Dorfman, a former executive at hotel giant Marriott International, was selected to head the DLC in December because of his background in the private sector in hopes he could improve the department.

During the interview on Jan. 26 just before the council session, members of the council sat along a conference table, each offering their praise of Dorfman’s resume.

“I and my staff are so impressed with what you bring to this job,” said Council member George Leventhal (D-at large), citing Dorfman’s experience in the private sector.

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Council mulls real reaction to an “Existential threat” to the county

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Calling climate change an “existential threat,” a joint County committee discussed Roger Berliner’s (D-1) bill to divest County pensions from fossil fuels.

At last week’s joint Government Operation and Transportation Infrastructure, Energy and Environment Committee meeting, the committee discussed the merits of bill 44-16, which would divest County pensions from fossil fuel companies.

“I felt that we could both be true to our values and what many of us believe to be an existential threat to our planet and be true to our retirees,” Berliner said. “This was not an either-or situation. This was a design from day one to be able to advance both.”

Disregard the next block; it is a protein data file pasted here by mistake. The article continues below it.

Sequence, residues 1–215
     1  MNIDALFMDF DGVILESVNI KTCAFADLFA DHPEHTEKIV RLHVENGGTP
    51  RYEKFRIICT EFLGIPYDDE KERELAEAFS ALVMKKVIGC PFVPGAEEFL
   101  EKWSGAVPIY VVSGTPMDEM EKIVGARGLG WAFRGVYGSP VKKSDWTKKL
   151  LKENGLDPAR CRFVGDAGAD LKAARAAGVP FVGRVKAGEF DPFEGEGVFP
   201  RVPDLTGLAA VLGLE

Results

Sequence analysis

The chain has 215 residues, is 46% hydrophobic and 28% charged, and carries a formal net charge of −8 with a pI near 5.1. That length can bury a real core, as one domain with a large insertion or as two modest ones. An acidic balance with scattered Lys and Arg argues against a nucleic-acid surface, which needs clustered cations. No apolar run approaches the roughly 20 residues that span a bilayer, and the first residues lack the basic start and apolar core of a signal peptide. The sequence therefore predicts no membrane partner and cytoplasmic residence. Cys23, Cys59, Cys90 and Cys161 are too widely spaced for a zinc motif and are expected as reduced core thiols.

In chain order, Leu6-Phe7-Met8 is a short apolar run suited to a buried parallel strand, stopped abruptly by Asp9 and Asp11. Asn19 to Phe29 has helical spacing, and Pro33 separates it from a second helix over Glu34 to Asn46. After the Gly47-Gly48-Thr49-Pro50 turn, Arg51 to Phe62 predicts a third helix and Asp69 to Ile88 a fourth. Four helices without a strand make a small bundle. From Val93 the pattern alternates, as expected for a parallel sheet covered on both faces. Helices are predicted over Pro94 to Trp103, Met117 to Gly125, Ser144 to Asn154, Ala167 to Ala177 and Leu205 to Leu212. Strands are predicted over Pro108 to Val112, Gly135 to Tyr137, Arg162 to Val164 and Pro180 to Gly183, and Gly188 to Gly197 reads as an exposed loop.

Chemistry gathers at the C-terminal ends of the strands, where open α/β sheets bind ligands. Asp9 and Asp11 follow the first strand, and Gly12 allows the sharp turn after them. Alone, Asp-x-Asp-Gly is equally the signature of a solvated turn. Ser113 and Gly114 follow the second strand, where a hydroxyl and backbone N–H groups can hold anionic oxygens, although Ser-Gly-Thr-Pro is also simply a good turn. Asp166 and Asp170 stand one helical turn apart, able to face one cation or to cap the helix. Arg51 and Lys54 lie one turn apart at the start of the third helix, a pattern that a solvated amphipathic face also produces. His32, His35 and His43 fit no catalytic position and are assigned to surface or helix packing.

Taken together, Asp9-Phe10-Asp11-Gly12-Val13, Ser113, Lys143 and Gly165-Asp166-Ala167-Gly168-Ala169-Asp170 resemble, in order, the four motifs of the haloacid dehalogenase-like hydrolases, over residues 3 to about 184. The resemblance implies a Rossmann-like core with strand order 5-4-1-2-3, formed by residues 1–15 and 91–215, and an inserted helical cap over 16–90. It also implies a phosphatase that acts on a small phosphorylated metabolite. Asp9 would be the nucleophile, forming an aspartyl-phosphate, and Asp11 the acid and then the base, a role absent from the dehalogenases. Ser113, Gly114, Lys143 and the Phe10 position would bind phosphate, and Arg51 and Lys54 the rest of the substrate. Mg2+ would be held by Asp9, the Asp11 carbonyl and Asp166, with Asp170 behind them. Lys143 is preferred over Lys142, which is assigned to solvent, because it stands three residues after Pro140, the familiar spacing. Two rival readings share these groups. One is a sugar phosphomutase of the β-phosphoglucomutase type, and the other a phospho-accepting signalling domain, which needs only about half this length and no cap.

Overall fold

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“Wait and See”

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County leaders confused and angry over sanctuary executive order

 

ANNAPOLIS – Local officials say it is unclear whether President Donald Trump’s recent executive order on sanctuary cities will cost the county federal funding over its immigration enforcement policies.

Last week, Trump signed an executive order saying localities that fail to comply with federal immigration law will not receive public funds, sparking outrage among immigration advocates and confusion among public officials.

The executive order specifically mentions “sanctuary jurisdiction,” a vague but widely used term that generally refers to localities that do not assist in enforcing federal immigration law. State and local officials said it is unclear if the executive order would apply to Montgomery County or to the State of Maryland.

“Look, no one has been able to figure out from what he’s (Trump) issued so far and how exactly it plays out,” said County Council member Marc Elrich (D-at large). “We don’t know whether we are inside the rules or outside the rules.”

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County approves Dorfman as liquor chief

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Robert Dorfman believes liquor distribution is best when controlled by the County.

On Tuesday, the County Council approved Dorfman to head the Department of Liquor Control after County Executive Ike Leggett appointed him last month.